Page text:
|(RVs line the bluff of the SF RV Resort)|
JUNE 27th, 2010
"San Francisco itself is art, above all literary art. Every block is a short story, every hill a novel. Every home a poem, every dweller within immortal. That is the whole truth."
William Saroyan, Author
Now that surfing was done and the sun was beginning to slip down the seaside cliffs of the San Francisco RV Resort, it was time to revisit the pages of the past in my ol' college town, San Francisco.
Oh, Heart of the World, I have missed you!
When I moved to the City to begin film school, I just KNEW I was finally coming home. Ironically, it was a place I had never even visited, but one where I felt I would be amongst true friends: artists, poets, musicians, and activists. It's a delirious city, where beautifully insane people are never more abroad than when
they are at home.
So, excited to have an adventurous blast from the past, I drove to the BART station and took the next train from Pacifica into an area of the city called "The Mission"; the footloose stomping grounds of my college days.
Unknowingly, I had booked my stay during the "40 and Fabulous" Gay Pride weekend. I had already missed the performance of the Backstreet Boys (so sad), as well as the big parade, but as I stepped off the train, the city was still roaring with celebration.
Traveling without a plan, as I like to do, I picked up a discarded SF Weekly and began to read. Two "ragtime blues" bands where playing at a bar called "Amnesia."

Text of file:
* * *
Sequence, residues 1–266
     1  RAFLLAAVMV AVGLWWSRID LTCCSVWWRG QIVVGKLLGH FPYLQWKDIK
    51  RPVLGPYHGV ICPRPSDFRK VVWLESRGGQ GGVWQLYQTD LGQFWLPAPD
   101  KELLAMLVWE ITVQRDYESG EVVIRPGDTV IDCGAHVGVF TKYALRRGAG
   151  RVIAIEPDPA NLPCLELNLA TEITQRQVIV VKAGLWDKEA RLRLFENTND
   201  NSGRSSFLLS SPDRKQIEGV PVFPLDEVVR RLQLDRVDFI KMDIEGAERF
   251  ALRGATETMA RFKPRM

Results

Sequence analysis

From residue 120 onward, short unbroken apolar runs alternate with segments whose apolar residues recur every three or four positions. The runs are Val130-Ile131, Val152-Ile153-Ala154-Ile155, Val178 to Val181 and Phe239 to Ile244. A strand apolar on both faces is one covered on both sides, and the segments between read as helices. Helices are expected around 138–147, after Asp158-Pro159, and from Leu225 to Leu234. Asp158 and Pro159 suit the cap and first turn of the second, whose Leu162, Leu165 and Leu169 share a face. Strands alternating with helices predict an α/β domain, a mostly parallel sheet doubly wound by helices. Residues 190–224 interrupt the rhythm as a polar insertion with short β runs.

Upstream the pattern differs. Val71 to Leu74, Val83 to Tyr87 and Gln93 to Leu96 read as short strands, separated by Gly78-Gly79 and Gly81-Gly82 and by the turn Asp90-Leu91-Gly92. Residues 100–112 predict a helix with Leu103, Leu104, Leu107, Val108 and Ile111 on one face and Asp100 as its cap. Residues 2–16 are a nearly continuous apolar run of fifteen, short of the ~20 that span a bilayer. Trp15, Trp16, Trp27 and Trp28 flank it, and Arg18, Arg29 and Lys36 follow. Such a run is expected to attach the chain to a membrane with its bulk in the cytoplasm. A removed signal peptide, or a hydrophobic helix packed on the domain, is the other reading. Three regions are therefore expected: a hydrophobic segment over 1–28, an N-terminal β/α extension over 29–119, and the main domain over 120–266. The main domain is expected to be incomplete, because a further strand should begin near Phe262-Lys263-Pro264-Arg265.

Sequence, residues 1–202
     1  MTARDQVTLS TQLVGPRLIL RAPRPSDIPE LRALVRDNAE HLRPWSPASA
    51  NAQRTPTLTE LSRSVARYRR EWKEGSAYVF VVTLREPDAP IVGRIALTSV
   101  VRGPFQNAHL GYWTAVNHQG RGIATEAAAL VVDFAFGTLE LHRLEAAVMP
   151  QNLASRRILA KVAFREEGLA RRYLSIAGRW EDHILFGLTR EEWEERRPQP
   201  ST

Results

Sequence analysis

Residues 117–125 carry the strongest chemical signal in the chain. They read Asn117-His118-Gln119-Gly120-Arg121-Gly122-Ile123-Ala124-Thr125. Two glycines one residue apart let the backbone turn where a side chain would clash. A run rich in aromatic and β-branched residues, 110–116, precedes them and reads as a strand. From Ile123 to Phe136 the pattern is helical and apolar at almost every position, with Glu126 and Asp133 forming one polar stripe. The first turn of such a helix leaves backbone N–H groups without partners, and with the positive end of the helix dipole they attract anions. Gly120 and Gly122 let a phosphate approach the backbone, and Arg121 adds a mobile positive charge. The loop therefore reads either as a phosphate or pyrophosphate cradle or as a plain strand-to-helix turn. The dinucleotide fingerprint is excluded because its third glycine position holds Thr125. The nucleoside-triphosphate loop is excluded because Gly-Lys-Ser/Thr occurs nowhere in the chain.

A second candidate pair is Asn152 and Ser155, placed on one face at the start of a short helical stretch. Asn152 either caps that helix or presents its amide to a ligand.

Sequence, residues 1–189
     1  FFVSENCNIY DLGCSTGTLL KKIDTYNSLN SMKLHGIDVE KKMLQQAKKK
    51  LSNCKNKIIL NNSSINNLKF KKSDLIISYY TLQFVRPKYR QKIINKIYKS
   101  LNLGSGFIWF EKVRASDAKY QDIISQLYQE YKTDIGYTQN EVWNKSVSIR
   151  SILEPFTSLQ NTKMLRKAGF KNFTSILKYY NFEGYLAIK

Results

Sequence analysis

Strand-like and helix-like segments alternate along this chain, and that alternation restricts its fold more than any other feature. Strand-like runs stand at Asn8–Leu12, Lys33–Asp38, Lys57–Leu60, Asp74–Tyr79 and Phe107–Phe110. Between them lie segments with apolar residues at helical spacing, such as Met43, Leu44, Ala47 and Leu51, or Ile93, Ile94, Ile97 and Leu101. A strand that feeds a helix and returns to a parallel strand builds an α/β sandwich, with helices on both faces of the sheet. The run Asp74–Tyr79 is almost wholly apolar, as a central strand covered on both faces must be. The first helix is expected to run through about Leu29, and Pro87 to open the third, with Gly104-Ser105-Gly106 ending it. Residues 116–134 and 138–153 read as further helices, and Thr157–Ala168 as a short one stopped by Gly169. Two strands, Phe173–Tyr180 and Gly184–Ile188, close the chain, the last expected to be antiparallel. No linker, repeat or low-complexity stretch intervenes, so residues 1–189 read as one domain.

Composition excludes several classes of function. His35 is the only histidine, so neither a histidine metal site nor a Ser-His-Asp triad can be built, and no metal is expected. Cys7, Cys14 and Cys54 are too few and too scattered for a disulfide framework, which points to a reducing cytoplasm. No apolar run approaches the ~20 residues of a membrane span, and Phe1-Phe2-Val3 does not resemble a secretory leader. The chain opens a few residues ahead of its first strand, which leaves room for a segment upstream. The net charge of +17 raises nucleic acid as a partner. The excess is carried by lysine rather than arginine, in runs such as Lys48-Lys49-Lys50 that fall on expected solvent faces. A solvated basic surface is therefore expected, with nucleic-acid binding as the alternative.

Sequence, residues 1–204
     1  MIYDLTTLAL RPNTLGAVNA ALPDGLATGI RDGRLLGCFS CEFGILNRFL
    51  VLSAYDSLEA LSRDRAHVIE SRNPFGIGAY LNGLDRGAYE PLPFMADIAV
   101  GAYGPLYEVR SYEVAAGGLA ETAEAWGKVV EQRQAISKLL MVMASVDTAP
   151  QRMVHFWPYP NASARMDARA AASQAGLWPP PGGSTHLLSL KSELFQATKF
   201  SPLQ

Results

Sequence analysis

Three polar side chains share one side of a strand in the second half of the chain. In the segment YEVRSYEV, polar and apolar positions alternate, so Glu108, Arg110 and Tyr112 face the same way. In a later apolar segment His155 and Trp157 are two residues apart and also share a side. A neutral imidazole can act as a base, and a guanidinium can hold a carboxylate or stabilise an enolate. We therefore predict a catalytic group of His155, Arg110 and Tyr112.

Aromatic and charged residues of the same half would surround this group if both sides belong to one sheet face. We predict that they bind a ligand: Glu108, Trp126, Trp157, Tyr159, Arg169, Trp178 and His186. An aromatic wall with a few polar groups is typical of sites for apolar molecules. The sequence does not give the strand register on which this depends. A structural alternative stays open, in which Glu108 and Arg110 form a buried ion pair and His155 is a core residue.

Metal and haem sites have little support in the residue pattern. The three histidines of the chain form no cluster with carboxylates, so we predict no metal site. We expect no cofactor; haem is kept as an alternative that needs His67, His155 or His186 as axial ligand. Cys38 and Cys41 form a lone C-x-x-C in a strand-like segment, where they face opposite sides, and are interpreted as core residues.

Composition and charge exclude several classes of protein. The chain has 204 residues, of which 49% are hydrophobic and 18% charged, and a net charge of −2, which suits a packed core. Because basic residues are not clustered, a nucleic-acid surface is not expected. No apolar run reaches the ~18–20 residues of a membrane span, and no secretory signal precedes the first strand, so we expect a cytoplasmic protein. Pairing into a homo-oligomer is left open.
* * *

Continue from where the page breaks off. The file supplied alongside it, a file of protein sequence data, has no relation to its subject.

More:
|(The Amnesia Bar, Mission District, San Francisco)|
First up was Frank Fairfield, from Los Angeles, although I'd never heard of him. He's a street musician who plays the claw hammer style of banjo, fiddle and guitar. His live performance is awe-inspiring; he seriously channels an old mountain man or back porch blues singer from the 1900's.
I have to admit I developed a huge crush on Mister Faifield, but I think he's married. Rats!
Next was Pokey LaFarge and the South City Three, and I fell in love all over again. Sorry Frank! (Can ya'll guess which one of these cats caught my eye?)
I had so much fun at the show that I refused to leave at midnight to catch the last BART train back to Pacifica (15 miles south). I regretted this foolishness as I closed the place down and prepared for a hellish ride on an overfull city bus to the "end of the line."
The folks at Amnesia said it would be no problem to then catch a taxi for the remaining five miles back to Pacifica, they even said there would be cabs lined up and waiting, but I began to get nervous when I was the last and only passenger dropped off on a dark and deserted street by an indifferent bus driver. There wasn't a taxi to be seen, in fact, there wasn't a single restaurant open or even another human anywhere!
Luckily, I wore comfortable shoes as I hitched up my skirt and began hiking up and down those remaining San Francisco hills towards Pacifica.
A novel on every hill, indeed!
(P.S. I didn't walk back the entire five miles. Eventually, I found a "by-the-slice" all-night pizza joint open and I had a piece as they called me a cab. It was the best pizza I've ever had!